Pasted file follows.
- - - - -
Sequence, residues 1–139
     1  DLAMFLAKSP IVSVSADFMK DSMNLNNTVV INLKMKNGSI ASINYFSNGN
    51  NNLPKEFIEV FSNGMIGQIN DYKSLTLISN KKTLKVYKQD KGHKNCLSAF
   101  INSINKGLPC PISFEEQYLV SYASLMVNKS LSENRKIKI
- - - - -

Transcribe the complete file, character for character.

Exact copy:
Sequence, residues 1–139
     1  DLAMFLAKSP IVSVSADFMK DSMNLNNTVV INLKMKNGSI ASINYFSNGN
    51  NNLPKEFIEV FSNGMIGQIN DYKSLTLISN KKTLKVYKQD KGHKNCLSAF
   101  INSINKGLPC PISFEEQYLV SYASLMVNKS LSENRKIKI